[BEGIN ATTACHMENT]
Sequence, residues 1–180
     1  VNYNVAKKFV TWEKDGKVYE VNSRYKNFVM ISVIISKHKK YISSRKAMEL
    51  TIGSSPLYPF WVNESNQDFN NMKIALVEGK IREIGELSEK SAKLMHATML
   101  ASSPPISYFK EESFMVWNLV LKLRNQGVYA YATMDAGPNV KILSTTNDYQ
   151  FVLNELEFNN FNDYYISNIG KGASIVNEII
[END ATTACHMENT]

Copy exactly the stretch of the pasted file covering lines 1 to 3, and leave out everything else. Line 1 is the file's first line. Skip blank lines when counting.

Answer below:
Sequence, residues 1–180
     1  VNYNVAKKFV TWEKDGKVYE VNSRYKNFVM ISVIISKHKK YISSRKAMEL
    51  TIGSSPLYPF WVNESNQDFN NMKIALVEGK IREIGELSEK SAKLMHATML